Diase Coffelt challenged the ruling in federal court and was at first granted a temporary restraining order until District Court Judge Wilma Lewis considered whether to grant a permanent injunction. In the meantime, Elections printed sample ballots that did not include the names of the mixed-party team, and officials recently said – after Lewis issued a ruling upholding the Elections System’s decision to disqualify Diase Coffelt and Canegata – that they would not include their names on the ballot for the General Election. Diase Coffelt is taking the case to the Third Circuit Court of Appeals.

Gubernatorial candidate Moleto Smith also filed his own challenge against Basil Ottley Jr., who is running for lieutenant governor with running mate Donna Christensen. Candidates for lieutenant governor have to be bona fide residents of the territory, which means, among other things, primarily living in and being an eligible voter in the territory five years preceding an election. And Smith has claimed that Ottley was working for the Department of the Interior and living on the mainland during that time.

The Ottley/Christensen camp has refuted the claims, saying that Ottley not only meets the Organic Act’s residency requirements but has also voted in the territory in a local primary or general election every election year since 2008.

Speaking to the Source this week, Elections Supervisor Caroline Fawkes explained that her office must do a thorough background check on the candidates before certifying them. Claims that Ottley voted for Barack Obama during a recent presidential election were not found to be valid and any additional challenges could be taken up with the courts, Fawkes said.

“If it is something with him voting in the states, then it does not matter, as in this case, whether the deadline to file complaints with our office has passed,” Fawkes added. “If he did, then he would be disqualified, but I did those background checks – it is what I have to do. This is a big issue, voting in the states, but we call and verify with other offices, get statements and make sure we thoroughly vet each candidate. If they want to challenge anything else, they can go to court and present additional facts there.”

Speaking about the large number of complaints and challenges that have been brought up while preparing for this election, Fawkes said her office has noticed the increase. Along with a case against Sen. Alicia “Chucky” Hansen – filed by St. Croix Board of Elections member Adelbert Bryan – that is still pending, Elections has had to deal with everything from residency complaints filed early in the season – that have already been dismissed – to the newer challenge about candidates’ nicknames appearing on the ballot.

While Fawkes said the increase in complaints could be attributed to any variety of factors, it is still the responsibility of Elections to look into them. With the primary coming up in August and November’s General Election to follow, just dealing with the challenges puts added work on the staff and keeps the office from doing some of the things they were hoping to do.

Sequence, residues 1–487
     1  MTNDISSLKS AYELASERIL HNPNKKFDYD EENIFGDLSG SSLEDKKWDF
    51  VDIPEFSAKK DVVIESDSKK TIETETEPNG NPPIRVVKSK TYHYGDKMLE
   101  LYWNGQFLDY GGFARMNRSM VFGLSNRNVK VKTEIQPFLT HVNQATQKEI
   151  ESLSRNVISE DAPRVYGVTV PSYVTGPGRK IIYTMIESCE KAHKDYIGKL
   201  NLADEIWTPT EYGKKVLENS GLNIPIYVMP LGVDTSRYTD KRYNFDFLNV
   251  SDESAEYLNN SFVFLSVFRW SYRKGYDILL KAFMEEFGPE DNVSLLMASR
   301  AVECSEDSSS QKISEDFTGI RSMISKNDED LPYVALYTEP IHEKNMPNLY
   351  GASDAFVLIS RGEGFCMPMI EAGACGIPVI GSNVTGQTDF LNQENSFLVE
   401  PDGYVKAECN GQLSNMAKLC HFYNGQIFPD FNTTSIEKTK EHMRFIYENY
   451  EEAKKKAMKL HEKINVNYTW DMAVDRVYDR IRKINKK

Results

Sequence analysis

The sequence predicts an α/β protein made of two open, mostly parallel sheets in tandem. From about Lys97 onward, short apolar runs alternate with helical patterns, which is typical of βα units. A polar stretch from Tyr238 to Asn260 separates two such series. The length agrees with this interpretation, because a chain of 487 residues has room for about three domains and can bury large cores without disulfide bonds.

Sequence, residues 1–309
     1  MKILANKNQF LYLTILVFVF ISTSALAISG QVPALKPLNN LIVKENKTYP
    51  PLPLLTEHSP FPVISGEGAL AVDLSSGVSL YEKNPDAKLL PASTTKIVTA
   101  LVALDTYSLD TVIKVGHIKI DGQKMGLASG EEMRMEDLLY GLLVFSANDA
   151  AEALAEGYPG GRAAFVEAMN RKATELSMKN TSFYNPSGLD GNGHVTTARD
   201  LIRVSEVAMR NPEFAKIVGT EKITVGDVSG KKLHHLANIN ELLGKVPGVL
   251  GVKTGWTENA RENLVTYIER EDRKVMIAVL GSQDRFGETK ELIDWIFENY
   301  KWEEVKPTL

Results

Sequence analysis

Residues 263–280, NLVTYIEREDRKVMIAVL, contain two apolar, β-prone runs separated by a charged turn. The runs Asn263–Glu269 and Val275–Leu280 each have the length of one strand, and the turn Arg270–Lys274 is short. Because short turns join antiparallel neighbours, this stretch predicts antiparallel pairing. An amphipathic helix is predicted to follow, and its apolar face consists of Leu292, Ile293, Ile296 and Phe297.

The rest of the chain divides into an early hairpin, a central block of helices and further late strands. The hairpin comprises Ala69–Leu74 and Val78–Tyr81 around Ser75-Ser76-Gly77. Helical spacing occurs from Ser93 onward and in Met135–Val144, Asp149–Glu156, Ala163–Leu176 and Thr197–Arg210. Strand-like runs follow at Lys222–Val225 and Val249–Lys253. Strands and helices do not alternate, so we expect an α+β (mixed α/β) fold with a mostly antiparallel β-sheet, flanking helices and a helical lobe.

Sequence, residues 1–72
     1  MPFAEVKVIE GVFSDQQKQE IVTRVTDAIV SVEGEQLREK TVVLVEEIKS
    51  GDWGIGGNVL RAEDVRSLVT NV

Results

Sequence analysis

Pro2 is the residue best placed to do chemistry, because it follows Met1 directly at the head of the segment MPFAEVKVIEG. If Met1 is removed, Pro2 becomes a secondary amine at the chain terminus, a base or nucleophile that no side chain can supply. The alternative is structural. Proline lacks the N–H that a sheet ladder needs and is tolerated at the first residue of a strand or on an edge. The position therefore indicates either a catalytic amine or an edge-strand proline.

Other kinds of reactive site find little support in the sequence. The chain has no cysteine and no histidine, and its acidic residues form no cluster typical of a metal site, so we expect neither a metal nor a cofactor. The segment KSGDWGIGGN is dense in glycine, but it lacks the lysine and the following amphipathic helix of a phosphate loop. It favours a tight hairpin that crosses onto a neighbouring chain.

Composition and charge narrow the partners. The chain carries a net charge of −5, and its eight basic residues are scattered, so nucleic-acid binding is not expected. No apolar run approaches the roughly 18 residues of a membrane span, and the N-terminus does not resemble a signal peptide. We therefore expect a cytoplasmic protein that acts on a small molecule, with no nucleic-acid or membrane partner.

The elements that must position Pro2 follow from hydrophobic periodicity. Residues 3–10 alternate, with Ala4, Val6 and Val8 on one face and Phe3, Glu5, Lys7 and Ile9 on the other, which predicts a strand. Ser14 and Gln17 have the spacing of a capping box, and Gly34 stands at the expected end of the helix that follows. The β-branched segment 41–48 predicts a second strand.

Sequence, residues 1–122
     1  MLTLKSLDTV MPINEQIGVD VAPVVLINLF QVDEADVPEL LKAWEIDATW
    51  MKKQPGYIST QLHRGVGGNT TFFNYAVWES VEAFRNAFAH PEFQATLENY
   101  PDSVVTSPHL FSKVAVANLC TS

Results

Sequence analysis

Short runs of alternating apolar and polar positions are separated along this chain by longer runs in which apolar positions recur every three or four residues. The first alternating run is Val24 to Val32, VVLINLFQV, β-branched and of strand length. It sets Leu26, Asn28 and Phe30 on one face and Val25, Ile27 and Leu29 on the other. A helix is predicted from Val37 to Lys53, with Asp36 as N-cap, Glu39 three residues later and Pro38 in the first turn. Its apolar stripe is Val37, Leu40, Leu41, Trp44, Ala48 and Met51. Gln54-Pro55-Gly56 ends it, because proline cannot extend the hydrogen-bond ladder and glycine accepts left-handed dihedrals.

“It has been more politically charged,” Fawkes said, adding that “some of that could be because some candidates are more in tuned to what is going on. Some are testing the system. Some are testing the candidates. Whatever it is, it is our responsibility to follow the law and address what we need to.”

“Dealing with a case, though, there is a lot of preparation involved. We have to do research, compile our documents, and at the same time, deal with everything else that is coming into the office and so these things do some times detract from our everyday activities, things that could maybe put us in a better position if we were not handling the extra work,” she said.

Fawkes added that Elections has been looking at automating the voter registration process and even updating the identification cards so they look more like drivers licenses. That work has had to be pushed back until at least after the primary so the different candidate challenges, and other Elections matters, could be settled, she said.

“But at the end of the day, the goal here is to conduct a fair and transparent and by-the-law election, and that is exactly what we are going to do, no matter what,” Fawkes said.

Editor’s Note: The Smith Campaign contacted the Source to say they are concerned with bona fide residence, not specifically voting registration. While the story merely recounted the qualifications for candidacy rather than the details of Smith’s concerns, the Source wishes that distinction to be clear and it has been updated to clarify the distinction.